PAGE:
From the Mises blog:
In 1977 the US enacted the Foreign Corrupt Practices Act (FCPA), which makes it a crime for American citizens and businesses to bribe foreign public officials for business purposes. It also imposes certain accounting standards on public US companies, which I wrote about in a 1994 legal article, “The Accounting Provisions of the Foreign Corrupt Practices Act.” The hypocrisy of the law is blinding: it’s okay for the state to bribe (and extort and coerce) private business by means of threats, subsidies, tax breaks, and protectionist legislation; it’s okay for businesses to bribe elected officials (campaign contributions); and it’s okay for the US central state to bribe foreign governments; and it’s okay for US companies to be forced to pay bribes in the form of taxes, that are less than the amount of bribes they would have to pay to foreign officials. But it’s not okay for US companies to bribe foreign officials–even if this is customary and essential to “doing business” in that country, and even if this puts American businesses at a competitive disadvantage with companies from other countries that do not prohibit such bribery–some countries even permit such bribes to be reported as an expense for tax purposes.
As Lew Rockwell notes in Extortion, Private and Public: The Case of Chiquita Banana,
Paying bribes and being subject to this kind of extortion is just part of what it takes to do business in many countries. This might sound awful, but the truth is that such payments are often less than the companies would be paying to the tax man in the US, which runs a similar kind of extortion scam but with legal cover.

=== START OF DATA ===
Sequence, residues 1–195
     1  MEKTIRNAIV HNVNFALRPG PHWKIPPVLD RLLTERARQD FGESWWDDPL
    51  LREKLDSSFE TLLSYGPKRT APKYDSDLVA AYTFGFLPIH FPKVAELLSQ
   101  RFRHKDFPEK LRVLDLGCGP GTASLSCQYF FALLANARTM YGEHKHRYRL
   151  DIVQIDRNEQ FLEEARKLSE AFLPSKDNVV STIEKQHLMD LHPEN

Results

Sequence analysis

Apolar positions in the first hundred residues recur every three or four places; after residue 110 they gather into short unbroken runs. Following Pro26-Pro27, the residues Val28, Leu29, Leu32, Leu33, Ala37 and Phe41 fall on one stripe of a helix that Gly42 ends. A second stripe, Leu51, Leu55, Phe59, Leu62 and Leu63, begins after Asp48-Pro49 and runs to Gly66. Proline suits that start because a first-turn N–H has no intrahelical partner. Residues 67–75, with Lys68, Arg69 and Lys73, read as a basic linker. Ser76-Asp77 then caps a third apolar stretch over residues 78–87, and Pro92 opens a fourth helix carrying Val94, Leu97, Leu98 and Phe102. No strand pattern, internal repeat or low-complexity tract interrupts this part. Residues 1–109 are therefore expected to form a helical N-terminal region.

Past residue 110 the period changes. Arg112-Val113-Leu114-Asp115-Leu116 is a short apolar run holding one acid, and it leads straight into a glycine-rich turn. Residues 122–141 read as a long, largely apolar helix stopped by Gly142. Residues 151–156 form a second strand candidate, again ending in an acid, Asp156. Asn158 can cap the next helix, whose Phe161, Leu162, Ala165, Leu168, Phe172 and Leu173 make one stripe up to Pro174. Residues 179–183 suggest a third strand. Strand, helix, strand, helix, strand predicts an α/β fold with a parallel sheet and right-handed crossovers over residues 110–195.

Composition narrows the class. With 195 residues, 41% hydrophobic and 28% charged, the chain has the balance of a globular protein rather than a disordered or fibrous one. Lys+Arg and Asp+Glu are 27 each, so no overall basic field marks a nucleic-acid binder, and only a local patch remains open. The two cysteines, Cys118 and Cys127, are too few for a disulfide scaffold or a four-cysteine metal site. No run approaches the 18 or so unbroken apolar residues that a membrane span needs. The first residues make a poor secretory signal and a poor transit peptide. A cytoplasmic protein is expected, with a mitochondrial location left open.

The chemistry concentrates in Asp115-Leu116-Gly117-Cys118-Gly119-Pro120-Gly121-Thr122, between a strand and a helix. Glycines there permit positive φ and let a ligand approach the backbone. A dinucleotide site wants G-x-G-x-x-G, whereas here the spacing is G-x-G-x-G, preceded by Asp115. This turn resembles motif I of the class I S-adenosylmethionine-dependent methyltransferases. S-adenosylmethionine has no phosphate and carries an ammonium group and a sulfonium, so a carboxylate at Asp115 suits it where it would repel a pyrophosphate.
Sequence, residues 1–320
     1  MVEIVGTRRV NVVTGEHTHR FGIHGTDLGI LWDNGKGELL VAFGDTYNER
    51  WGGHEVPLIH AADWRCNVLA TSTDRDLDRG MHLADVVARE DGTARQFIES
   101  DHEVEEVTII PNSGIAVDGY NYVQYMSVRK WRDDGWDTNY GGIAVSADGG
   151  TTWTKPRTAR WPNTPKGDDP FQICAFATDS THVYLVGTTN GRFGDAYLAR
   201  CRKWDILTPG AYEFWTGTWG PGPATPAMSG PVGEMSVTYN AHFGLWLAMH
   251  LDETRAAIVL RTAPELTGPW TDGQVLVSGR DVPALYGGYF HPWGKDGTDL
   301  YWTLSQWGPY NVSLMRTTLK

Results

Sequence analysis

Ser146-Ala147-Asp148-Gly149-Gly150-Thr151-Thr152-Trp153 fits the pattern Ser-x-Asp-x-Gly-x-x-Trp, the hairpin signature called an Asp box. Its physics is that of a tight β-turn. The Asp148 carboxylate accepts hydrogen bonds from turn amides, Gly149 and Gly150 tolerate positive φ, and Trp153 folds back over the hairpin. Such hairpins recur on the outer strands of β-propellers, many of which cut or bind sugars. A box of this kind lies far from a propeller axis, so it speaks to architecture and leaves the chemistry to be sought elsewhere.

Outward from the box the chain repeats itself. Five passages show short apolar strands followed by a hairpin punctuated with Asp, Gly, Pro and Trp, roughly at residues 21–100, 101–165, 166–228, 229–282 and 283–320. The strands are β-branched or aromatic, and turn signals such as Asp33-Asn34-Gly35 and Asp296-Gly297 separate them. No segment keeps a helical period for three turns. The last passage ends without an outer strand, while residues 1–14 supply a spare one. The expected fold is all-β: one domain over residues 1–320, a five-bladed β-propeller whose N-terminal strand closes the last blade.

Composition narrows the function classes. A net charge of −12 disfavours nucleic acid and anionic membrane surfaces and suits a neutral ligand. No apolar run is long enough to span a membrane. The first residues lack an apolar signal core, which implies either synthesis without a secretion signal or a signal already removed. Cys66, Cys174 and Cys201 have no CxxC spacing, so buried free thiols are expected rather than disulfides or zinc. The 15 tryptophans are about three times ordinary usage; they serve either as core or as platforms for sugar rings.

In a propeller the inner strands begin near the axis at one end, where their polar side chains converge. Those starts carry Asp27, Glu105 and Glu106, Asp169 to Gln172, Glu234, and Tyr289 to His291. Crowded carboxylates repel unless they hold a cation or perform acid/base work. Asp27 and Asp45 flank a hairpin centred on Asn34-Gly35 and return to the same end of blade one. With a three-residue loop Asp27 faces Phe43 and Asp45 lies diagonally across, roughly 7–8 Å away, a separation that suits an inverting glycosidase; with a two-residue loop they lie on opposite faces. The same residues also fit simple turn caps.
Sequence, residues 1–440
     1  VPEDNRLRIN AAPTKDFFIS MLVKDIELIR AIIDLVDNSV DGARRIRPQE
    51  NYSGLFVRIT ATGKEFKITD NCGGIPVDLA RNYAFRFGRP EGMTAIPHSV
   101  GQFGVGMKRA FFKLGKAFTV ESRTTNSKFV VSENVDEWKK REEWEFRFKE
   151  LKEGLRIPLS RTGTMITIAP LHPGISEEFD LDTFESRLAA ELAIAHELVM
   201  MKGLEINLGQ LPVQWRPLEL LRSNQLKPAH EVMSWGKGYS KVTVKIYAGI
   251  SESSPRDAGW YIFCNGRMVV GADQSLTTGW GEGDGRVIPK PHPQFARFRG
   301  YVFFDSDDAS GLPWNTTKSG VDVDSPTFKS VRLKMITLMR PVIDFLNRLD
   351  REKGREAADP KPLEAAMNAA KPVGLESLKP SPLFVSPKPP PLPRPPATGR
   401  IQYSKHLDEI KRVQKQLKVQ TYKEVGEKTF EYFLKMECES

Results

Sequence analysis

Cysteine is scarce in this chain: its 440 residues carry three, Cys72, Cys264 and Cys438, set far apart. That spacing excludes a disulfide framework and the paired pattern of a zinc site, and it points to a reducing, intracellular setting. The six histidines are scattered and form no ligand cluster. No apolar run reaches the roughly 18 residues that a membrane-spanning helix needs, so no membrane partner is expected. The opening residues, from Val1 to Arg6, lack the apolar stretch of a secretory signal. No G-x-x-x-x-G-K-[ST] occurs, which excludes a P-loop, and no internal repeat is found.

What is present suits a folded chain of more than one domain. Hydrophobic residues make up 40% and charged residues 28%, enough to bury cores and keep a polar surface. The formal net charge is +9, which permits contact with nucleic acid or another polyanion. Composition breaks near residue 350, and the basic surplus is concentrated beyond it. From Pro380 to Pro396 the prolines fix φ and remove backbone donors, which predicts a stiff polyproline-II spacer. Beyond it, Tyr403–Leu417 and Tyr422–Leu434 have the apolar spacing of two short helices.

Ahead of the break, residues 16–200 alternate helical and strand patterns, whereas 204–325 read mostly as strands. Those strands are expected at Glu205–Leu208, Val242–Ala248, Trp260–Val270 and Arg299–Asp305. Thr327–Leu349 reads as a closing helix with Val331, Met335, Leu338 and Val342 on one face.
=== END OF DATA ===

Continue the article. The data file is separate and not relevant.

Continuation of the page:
Naturally American businesses squealed at the competitive disadvantage this law imposed on them. So of course, instead of repealing this ghastly law, the US used its legislative imperialism to force other countries to adopt similar laws (it also twists the arms of other countries in a number of areas, including IP (see my post Intellectual Property Imperialism), antitrust law, central banking policies, oil & gas ownership by the state, environmental standards, labor standards, tax levels and policy, and so on). It did this mainly by pushing the OECD Anti-Bribery Convention, now ratified by 38 states which are required by the Convention to implement FCPA style laws nationally. The UK has just done so in The UK Bribery Act, which just came into force this month. According to this Freshfields release, the UK Bribery Act is “the most far-reaching bribery legislation in the world.” The spread of such laws prove the Whig Theory of History is wrong…